# Voltage drop in Vin of 7805 regulator when used with a Bridge rectifier and CT(Current Transformer)

I have a voltage regulator circuit powered by a CT. I rectify the output AC voltage to DC voltage and provide that as an input to the regulator L7805CV. My input voltage is about 7.20V When I connect the regulator, the input drops to 4.6 V and the output is only 3.3 V instead of 5V. When I try it with another regulated voltage of about 15 V, the output is fine to 5V and there is no drop from the input side. I tried the regulator circuit with appropriate capacitors at input and output side still makes no difference. Why is there a drop only when I connect it to the CT?

• Show your circuit. How are you measuring the voltages? What do you consider to be 'appropriate capacitors', in particular what is the value of the input filter capacitor? Dec 14, 2016 at 7:06
• How much current does the transformer provide? Dec 14, 2016 at 7:07
• I am measuring the voltages with a multimeter. I used .47uF for the input side and 100 nF in the output pin. @SpehroPefhany Dec 14, 2016 at 8:23
• CT details and current in primary of CT are required. Dec 14, 2016 at 10:22

The dropout of a 7805 is around 1.6V with no load, but this is not guaranteed you really need more voltage, but let's work with that. It also draws around 5mA with no output current.

To reduce the ripple voltage to (say) 0.1V you need a capacitance of 0.01s*0.005A/0.1V= 500uF. Your 0.47uF is woefully inadequate, and your measurements are suspect because they have a shipload of ripple.

That's assuming you have no other parts, however you have not entered your circuit schematic, so that's going to be it.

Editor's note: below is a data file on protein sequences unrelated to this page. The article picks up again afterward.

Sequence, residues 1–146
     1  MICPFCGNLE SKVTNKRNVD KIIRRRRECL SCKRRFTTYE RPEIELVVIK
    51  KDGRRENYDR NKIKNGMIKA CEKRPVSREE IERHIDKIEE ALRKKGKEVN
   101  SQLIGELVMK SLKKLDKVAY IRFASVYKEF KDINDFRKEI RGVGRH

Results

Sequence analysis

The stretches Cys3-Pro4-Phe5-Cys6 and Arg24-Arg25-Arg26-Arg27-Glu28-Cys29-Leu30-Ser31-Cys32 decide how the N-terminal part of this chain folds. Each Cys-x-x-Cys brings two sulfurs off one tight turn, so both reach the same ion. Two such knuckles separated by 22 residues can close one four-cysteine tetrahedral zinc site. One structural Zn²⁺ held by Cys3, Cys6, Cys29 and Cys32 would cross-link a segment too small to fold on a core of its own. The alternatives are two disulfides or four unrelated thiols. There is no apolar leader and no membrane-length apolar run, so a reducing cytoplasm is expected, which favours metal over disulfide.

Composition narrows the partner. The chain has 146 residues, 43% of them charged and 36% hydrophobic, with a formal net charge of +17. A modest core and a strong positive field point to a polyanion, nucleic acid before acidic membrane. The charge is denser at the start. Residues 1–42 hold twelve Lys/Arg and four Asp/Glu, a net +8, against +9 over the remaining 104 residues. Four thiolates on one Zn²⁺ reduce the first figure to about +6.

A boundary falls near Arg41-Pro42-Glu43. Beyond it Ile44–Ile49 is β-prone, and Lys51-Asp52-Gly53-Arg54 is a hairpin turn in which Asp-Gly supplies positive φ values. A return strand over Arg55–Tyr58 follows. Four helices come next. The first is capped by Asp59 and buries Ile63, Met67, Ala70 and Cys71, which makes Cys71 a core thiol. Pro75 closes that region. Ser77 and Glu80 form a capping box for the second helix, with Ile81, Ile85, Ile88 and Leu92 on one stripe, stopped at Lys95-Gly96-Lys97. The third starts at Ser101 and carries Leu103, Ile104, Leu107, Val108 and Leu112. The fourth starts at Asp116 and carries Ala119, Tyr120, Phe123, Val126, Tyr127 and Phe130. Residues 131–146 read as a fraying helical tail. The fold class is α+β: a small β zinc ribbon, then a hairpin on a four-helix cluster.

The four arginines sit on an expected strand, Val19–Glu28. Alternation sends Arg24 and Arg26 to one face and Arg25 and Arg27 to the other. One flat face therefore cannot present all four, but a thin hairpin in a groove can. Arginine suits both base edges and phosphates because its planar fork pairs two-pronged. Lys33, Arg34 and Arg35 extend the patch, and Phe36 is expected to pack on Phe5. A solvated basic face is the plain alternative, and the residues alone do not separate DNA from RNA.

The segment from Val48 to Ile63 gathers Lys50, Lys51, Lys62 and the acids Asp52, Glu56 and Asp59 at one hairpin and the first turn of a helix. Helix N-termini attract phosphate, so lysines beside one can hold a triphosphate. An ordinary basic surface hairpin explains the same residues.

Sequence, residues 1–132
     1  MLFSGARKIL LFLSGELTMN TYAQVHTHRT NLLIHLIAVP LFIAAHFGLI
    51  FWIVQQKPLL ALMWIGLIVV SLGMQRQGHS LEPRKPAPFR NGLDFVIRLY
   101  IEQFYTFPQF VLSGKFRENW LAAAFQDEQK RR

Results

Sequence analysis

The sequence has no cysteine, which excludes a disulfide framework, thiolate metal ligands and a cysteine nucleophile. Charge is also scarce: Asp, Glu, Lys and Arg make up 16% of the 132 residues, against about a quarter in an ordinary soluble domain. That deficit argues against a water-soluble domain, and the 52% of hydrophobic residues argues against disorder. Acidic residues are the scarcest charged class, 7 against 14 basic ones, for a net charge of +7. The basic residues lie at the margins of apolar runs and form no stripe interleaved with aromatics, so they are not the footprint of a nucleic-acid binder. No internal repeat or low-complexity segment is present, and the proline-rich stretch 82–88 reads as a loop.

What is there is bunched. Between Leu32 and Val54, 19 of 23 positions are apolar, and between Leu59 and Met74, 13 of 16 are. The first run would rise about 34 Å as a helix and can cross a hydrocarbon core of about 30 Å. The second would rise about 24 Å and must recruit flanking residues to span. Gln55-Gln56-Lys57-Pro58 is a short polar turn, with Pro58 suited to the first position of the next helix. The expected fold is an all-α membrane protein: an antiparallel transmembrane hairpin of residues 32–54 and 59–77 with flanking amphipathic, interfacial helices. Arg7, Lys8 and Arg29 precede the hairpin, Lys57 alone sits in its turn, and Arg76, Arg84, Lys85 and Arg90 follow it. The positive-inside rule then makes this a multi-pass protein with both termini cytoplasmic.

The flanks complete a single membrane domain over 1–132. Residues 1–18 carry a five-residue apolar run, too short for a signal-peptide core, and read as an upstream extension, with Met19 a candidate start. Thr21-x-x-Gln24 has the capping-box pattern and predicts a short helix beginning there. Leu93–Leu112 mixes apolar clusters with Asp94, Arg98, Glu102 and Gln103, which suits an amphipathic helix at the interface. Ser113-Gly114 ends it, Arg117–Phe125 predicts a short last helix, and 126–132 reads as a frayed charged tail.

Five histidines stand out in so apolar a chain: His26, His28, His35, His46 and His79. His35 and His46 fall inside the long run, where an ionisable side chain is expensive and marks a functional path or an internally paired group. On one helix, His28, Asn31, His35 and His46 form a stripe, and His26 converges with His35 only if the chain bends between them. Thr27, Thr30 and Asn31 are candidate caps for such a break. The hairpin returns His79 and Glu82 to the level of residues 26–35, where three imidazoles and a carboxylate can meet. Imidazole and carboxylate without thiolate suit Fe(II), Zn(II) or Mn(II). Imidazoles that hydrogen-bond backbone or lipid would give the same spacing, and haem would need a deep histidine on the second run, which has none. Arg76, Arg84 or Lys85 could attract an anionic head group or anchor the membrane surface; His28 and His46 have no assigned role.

• I have no load connected to the circuit. It's only the CT, Bridge rectifier and the 7805 regulator in the circuit. Dec 14, 2016 at 9:19
• This actually helped. I increased my capacitor value to 1000uF as it was only available now. I have the output pin to 4.3V. I will try making the capacitance value higher even more and maybe I will end up having the 5V required. Dec 14, 2016 at 9:29
• Probably not- you probably have to change the turns ratio in your CT. Dec 14, 2016 at 9:35

A Voltge transformer produces 10% higher voltage with no load and the peak is 1.4*RMS and the '05 Regulator has a TYPICAL dropout in datasheet of 2V. (old BJT technology).

This means you are expected to provide 7V Typ and 1.5times this for no load or 10.5V.

Voltage transformers have about 10 % conduction loss and achieve rated AC Vrms at rated load.

CT's have higher conduction loss if only rated for low secondary currents since the turns ratios tend to be high and only specified for lower currents at a fixed burden R load.

• I will try with the CT connected to a higher load so that I would get a higher voltage above 10.5V and will post the results. Dec 14, 2016 at 8:37